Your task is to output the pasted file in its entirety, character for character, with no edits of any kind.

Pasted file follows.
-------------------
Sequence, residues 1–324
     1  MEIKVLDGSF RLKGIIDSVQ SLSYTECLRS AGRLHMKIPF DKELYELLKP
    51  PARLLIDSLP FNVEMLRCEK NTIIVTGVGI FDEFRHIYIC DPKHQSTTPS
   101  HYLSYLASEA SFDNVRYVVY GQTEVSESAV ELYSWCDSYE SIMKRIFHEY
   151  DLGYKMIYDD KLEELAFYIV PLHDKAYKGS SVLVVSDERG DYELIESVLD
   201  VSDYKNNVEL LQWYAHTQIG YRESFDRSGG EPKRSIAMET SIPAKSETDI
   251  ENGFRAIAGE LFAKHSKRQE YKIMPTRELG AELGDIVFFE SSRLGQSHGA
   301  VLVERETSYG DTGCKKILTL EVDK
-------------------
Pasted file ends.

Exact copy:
Sequence, residues 1–324
     1  MEIKVLDGSF RLKGIIDSVQ SLSYTECLRS AGRLHMKIPF DKELYELLKP
    51  PARLLIDSLP FNVEMLRCEK NTIIVTGVGI FDEFRHIYIC DPKHQSTTPS
   101  HYLSYLASEA SFDNVRYVVY GQTEVSESAV ELYSWCDSYE SIMKRIFHEY
   151  DLGYKMIYDD KLEELAFYIV PLHDKAYKGS SVLVVSDERG DYELIESVLD
   201  VSDYKNNVEL LQWYAHTQIG YRESFDRSGG EPKRSIAMET SIPAKSETDI
   251  ENGFRAIAGE LFAKHSKRQE YKIMPTRELG AELGDIVFFE SSRLGQSHGA
   301  VLVERETSYG DTGCKKILTL EVDK